The themes explored in plays are the stuff of thought-provoking conversations. From social issues to questions about morality, plays provide a perfect platform for discussing complex topics. By reading a play, students can articulate their opinions, learn from diverse viewpoints, and develop the art of respectful discourse. For example, The Laramie Project play is set in and around Laramie, Wyoming, in the aftermath of the murder of twenty-one -year-old Matthew Shepard. The Laramie Project is known for its powerful portrayal of the complexities of a community’s response to a hate crime, and it has been widely performed and studied to shed light on issues related to LGBTQ+ rights, hate crimes, and social justice.
#5 Play Reading Bridges Generations
Incorporating both classic and contemporary plays bridges the literary gap between generations. Students connect with the enduring themes of the past while appreciating the evolving narratives of the present. She Stoops to Conquer was written in 1773 and is just as relevant today as when it was first produced. The overriding theme of She Stoops to Conquer is how reality is often distorted by social status. Sound familiar?
A recent column in Esquire magazine states, “Sometimes the Truly Rich lose their bearings about how money works for other people. While they have that joyful privilege of viewing money through the filter of what it can do for them, other people see cash as that wad of paper that can get them through the next two weeks.” In She Stoops To Conquer, a rigid English social system effectively encourages people to be someone other than who they really are.
She Stoops to Conquer is a comedy of manners that explores social class, one’s place in society, both socially and economically, and its importance in 18th century England. The characters and their conceptions of these absurd societal rules lead them on a humorous journey in their relationships, by exposing our students to plays which are nearly 250 years old, students learn to appreciate the continuity of human thought and storytelling across time.
#6 Students Skills for Life’s Journey
When students engage with plays, they acquire skills that are essential beyond graduation. The ability to analyze, interpret, and empathize with different perspectives equips them to thrive in diverse environments. They become lifelong learners who approach challenges with a multidimensional outlook.
#7 Cultivating Creativity
The act of reading plays demands visualization – imagining characters, scenes, and emotions. A good example of this is the play War Horse. The horse puppet that represents Joey is operated by three puppeteers each night: one at the head, one at the heart, and one at the hind. But this is no ordinary panto horse: when at full flight, the 30-kilogram, life-sized contraption is an imposing force, galloping across the stage. The scenes of Joey fighting in war are magnificent! This visualization of a living breathing horse demands of us to use our creativity thereby encouraging students to actively participate in crafting the narrative in their minds. They become co-creators of the story, enriching their imaginative capacities. If you are looking for a lesson concerning The War Horse play, check out: War Horse Resource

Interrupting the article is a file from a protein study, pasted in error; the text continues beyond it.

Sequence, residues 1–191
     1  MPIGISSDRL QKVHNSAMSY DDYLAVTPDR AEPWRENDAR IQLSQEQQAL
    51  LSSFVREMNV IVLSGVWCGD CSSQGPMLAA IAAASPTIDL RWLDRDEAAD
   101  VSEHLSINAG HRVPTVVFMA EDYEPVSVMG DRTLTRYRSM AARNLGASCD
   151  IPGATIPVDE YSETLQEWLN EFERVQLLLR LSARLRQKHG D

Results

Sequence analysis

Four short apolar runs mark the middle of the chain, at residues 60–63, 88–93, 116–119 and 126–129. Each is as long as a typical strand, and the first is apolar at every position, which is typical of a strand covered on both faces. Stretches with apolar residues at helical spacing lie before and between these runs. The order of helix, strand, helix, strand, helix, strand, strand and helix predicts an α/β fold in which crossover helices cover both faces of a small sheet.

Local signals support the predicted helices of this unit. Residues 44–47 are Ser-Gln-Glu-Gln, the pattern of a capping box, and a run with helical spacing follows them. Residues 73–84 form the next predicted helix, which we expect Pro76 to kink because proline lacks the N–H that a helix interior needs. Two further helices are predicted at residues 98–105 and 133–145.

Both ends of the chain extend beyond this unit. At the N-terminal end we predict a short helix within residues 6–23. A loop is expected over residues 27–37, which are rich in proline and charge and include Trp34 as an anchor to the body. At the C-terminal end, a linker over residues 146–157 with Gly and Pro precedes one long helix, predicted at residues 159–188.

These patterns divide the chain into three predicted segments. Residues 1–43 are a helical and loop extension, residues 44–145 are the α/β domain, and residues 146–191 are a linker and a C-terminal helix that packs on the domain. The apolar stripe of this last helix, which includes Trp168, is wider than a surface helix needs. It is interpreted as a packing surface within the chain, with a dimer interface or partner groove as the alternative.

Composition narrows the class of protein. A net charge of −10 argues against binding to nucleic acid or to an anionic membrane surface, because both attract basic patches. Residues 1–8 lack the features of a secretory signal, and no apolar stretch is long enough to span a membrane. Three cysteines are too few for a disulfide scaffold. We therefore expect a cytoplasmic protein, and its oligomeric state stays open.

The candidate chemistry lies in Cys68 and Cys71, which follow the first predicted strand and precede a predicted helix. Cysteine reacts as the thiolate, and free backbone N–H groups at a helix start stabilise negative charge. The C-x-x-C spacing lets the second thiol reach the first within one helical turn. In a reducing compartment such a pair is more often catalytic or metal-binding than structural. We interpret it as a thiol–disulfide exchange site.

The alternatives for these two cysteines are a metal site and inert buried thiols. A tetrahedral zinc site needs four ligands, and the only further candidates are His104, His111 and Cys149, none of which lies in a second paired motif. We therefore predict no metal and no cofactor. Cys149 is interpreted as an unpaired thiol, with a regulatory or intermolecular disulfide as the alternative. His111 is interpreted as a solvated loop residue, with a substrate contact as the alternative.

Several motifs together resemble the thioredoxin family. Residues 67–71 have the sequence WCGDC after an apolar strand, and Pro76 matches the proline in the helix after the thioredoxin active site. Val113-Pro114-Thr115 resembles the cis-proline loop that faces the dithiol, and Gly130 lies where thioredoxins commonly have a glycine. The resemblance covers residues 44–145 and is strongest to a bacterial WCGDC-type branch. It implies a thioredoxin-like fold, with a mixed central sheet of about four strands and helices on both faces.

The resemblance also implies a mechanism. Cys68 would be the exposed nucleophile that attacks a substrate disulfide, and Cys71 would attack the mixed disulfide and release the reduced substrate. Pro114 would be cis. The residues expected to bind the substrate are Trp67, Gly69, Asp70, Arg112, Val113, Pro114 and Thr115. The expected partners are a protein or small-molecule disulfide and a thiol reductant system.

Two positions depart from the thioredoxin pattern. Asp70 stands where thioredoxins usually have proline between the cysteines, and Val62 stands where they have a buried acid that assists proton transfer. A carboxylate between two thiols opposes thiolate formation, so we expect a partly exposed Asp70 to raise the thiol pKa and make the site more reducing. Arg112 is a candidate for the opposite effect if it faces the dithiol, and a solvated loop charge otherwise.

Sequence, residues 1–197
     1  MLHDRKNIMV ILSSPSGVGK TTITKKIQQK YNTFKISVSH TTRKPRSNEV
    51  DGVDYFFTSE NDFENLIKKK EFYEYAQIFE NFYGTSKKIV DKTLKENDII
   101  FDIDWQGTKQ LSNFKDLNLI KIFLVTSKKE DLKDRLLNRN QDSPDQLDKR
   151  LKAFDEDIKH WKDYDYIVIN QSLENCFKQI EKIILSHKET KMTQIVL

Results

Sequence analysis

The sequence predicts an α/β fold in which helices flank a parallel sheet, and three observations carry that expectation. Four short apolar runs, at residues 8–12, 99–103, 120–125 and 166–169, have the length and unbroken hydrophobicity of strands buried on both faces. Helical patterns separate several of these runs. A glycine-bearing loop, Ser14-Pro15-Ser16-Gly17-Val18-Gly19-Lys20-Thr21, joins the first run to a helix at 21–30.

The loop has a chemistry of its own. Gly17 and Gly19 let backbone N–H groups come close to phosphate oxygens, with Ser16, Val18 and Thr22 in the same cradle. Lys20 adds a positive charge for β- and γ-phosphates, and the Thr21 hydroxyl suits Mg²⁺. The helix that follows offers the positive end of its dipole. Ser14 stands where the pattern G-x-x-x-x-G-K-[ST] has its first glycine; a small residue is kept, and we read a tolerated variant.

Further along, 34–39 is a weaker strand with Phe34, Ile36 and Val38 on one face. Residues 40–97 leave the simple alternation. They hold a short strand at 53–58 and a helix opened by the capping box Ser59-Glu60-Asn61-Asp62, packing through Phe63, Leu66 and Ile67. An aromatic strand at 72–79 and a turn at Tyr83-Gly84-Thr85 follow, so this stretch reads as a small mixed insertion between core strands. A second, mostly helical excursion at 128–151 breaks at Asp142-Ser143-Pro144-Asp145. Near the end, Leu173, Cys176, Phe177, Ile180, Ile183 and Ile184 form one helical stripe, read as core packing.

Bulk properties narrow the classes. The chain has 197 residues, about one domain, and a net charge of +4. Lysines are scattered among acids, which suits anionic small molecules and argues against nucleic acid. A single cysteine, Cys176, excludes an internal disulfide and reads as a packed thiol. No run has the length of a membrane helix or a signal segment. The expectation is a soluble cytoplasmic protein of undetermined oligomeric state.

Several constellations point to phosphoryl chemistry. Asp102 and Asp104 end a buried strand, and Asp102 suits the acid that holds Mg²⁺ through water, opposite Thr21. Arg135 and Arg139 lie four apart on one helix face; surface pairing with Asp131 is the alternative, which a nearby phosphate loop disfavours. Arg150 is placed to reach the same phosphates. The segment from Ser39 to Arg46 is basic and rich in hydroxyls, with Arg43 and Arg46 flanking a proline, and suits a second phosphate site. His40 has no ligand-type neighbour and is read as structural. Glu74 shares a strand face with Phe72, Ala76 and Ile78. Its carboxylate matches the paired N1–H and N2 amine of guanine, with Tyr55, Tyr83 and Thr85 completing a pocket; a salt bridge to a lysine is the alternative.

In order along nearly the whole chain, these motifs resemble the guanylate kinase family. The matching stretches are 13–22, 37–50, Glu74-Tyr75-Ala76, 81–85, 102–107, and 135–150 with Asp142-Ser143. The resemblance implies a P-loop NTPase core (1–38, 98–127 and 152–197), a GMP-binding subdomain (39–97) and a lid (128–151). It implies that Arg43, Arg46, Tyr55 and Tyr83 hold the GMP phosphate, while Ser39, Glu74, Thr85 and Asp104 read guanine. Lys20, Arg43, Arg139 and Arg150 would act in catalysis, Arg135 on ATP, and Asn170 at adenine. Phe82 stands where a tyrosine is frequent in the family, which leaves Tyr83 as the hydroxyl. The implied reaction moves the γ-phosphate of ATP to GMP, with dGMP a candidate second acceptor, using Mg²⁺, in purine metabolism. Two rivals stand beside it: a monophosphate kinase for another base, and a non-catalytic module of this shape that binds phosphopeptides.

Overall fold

#8 Transformative Journey Through Reading Plays
I cannot stress enough that incorporating plays into your curriculum is not just about reading; it’s about opening doors to creativity, empathy, critical thinking, and cultural awareness. By introducing students to the world of plays, you’re guiding them on a transformative journey that goes beyond textbooks. You’re instilling a lifelong appreciation for literature, broadening their horizons, and empowering them to embrace the complexities of the world with confidence. I bet you’ll discover more of your students will become involved in their school play productions after they’ve read a few. They are a perfect bridge. Have your students read any radio theater plays? Check out these blog posts for reasons to read them. Creative Dramatics Lesson Plans: Nine Reasons to Teach Radio Theater or Top Reasons Teachers Succeed When Teaching With Radio Theater
Let’s embrace the world of plays and witness the magic unfold within our classrooms. Your students’ journey into the realm of drama might just be the most enlightening adventure they embark upon.
What plays have your students read? I’d love to hear from you about them. Let’s chat! Contact me at DhcBaldwin@gmail.com